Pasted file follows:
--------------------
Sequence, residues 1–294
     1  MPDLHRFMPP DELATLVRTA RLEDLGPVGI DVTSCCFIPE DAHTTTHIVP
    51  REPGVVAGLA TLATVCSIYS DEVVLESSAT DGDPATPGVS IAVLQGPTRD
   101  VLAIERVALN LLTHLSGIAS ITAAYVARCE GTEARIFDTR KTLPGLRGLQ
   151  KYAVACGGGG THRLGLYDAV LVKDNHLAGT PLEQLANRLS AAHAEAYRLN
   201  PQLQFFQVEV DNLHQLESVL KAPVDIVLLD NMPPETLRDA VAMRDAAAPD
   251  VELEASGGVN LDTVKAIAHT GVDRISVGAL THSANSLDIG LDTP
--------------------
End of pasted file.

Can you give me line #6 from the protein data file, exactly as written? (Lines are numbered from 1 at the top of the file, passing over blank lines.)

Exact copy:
   201  PQLQFFQVEV DNLHQLESVL KAPVDIVLLD NMPPETLRDA VAMRDAAAPD